Cheapest Flooring Options For Your Home

Typical Cost Range To Install New Flooring Average: $1,415 - $2,462
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When you are remodeling your entire house, installing cheap flooring can save thousands of dollars.

High-end floors, such as hardwoods, engineered wood or premium tile floors usually cost well over $20,000, and may not always be called for.

Certain rooms in the house can do very well with cheaper types of flooring, such as carpeting, vinyl planks or laminate floors.

If you are ready to replace your old floors, contact your local flooring pros for FREE ESTIMATES!

What Is The Cheapest Flooring?

Carpeting is hands down the cheapest flooring material you can install, with price being as low as $1 for both materials and installation.

Of course, carpeting can cost a lot more, depending on the quality and durability you are looking to have.

In addition to low cost, the main advantages of carpeting is sound insulation, warmth and pleasantness to the touch.

On the downside, carpeting can be time consuming and difficult to clean, especially if its stained, it can cause allergies, by collecting dust and pet hair.

Cheapest Flooring Per Square Foot

Below is a table of flooring installation costs per square foot, listing the most economical flooring materials.

Estimates below include the cost of professional installation, but not the cost of removing the old flooring material.

Flooring Material Cost Per Sq.Ft. Cost Per 1,000 sq.ft.
Carpet $0.89 – 1.00 $890 – 1,000
Vinyl Sheet Flooring $2- 5 $2,000 – 5,000
Vinyl Tile Flooring $2.50 – 5.5 $2,500 – 5,500
Vinyl Plank Flooring $5 – 8 $5,000 – 8,000
Ceramic/ Porcelain Tile Flooring $3.5 – 9 $3,500 – 9,000
Laminate Flooring $3 – 10 $3,000 – 10,000
Basic Concrete Flooring $2 – 8 $2,000 – 8,000
Tile Flooring $2.5 – 5.5 $2,500 – 5,500
Refinish Hardwood Floors $3 – 8 $3,000 – 8,000

You can use our Flooring Calculator to estimate the cost to install different flooring materials.

Vinyl Flooring Costs

Another cheap flooring option is vinyl sheet flooring. In addition to vinyl sheet flooring, which is the cheapest option, you also have vinyl tile floors as well as vinyl planks (which are the most expensive out of all vinyl floors).

Vinyl floors cost as low as $2.5 per square foot installed and can be up to 50% cheaper than vinyl planks.

Luxury vinyl plank flooring can cost as much as $5 per square foot, which is the price equivalent of good quality laminate flooring.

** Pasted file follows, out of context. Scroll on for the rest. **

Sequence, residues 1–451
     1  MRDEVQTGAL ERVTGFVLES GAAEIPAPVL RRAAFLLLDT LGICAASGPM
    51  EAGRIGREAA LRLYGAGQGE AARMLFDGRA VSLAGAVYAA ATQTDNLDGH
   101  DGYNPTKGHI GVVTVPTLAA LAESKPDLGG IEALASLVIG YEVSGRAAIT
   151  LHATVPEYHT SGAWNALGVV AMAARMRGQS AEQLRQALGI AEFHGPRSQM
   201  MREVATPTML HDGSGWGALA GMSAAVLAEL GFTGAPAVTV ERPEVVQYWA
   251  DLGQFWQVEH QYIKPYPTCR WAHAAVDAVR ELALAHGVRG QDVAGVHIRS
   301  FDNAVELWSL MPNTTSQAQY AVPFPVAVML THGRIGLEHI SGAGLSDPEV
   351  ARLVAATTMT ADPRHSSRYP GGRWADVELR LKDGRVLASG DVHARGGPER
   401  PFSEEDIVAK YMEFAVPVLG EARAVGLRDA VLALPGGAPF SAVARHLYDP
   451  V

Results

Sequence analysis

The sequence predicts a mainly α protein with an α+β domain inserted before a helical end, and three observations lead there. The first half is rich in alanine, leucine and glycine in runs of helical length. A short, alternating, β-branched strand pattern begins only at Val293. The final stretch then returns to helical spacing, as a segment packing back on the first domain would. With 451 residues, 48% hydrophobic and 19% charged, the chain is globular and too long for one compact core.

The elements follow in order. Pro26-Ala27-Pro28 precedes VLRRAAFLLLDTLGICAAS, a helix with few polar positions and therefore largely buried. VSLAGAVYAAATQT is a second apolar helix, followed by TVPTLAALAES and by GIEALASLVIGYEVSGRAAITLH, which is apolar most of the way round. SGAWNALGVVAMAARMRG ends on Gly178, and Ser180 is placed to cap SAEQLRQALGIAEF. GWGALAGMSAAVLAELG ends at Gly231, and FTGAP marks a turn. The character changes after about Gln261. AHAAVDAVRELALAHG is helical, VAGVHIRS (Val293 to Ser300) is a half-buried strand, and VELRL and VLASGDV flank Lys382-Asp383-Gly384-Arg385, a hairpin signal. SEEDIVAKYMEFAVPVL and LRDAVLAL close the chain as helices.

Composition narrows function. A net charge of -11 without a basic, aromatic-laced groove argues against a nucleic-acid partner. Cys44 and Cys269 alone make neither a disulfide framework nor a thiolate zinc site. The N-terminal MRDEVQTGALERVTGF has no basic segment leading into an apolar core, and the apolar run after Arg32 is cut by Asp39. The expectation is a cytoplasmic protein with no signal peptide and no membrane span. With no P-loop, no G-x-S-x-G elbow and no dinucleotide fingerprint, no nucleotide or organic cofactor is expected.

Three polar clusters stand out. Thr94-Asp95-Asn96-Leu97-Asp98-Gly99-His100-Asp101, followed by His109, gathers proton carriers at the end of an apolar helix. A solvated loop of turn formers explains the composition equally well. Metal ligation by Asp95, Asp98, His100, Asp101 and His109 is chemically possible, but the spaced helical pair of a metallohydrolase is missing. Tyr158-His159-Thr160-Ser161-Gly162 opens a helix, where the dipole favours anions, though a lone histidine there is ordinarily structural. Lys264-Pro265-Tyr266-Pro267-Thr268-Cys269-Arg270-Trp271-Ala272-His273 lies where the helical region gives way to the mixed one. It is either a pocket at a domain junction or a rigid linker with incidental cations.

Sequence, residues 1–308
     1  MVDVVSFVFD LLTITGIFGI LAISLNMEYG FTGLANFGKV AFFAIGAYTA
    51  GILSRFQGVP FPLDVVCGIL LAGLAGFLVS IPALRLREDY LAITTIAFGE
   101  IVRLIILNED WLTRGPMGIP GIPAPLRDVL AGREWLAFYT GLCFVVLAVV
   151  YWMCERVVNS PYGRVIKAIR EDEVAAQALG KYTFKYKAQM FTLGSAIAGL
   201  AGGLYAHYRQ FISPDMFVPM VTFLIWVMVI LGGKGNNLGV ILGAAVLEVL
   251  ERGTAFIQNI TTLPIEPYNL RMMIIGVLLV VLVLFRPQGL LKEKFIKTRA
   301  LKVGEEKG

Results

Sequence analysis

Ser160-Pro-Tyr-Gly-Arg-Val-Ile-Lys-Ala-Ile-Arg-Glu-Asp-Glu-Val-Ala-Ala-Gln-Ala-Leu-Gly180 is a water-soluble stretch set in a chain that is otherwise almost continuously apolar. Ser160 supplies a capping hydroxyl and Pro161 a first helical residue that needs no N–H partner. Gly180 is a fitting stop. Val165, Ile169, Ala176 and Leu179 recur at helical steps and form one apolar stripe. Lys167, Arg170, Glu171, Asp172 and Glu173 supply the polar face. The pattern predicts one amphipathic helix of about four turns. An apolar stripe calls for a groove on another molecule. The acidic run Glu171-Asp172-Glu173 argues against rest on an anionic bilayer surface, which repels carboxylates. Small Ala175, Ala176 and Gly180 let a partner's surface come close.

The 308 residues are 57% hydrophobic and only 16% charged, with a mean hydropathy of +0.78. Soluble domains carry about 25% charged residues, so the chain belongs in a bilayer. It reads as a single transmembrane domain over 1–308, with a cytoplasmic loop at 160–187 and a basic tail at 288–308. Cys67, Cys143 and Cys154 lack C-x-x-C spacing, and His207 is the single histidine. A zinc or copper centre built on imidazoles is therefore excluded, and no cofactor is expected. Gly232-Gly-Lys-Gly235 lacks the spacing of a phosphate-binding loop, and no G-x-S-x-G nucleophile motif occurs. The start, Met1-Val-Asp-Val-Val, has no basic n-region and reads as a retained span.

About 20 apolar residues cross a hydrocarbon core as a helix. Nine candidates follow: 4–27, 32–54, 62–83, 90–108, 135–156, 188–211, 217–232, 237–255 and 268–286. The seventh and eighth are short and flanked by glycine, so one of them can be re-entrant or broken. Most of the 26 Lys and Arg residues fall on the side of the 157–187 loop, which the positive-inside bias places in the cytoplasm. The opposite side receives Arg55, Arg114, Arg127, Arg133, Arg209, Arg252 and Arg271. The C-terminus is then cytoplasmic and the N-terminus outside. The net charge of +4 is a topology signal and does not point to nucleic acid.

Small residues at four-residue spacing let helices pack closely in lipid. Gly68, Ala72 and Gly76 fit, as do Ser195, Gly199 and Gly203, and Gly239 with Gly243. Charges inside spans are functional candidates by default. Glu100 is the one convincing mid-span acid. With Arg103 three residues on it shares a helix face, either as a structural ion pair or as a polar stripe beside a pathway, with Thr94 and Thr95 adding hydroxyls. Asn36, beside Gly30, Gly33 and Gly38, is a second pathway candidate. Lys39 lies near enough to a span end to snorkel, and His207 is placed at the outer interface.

Vinyl is 100% synthetic material, and as such offers superior resistance to moisture. Its also very easy to clean, and is a great option in rooms that are often damp, such as the bathroom, laundry room, possibly kitchen.

Vinyl flooring is a good option for cheaper properties as well as rentals.

The biggest downside to vinyl flooring is relatively poor durability. The cheapest vinyl comes in sheets that can be as thin as 1.5 mm, and consequently will not have a very long service life.

More expensive vinyl planks can be as thick as 5 mm, and will last a lot longer, in addition to much better, more upscale looks.

Overall, if you are considering vinyl flooring, its best to get the thickest flooring you can afford.

Is Vinyl Flooring Cheaper Than Carpet?

Typically, the cheapest vinyl tile or sheet flooring will be slightly cheaper or the same as cheap carpeting.

However, you can save more on vinyl flooring by doing the install yourself, where as its harder to do a DIY carpet installation. This can mean a difference of up to a $1,000+ depending on the size of your space.

Laminate Flooring Costs

Out of the cheap flooring materials, laminate is the most costly ($3.85 – 8 per square foot installed); at the same time it offers much better quality and improved visual appearance.

Unlike plastic vinyl flooring, laminate floors are actually made of 99% wood byproducts which are bonded with resins.

Higher-end laminate floors are good looking enough to installed in pretty much any room of the home, including the living room and kitchen. Laminate floors are also thicker and feel warmer to the touch compared to vinyl.

The biggest disadvantage of laminate flooring is that it has poor moisture resistance and should not be installed in damp areas.

Refinishing Old Floors Saves Money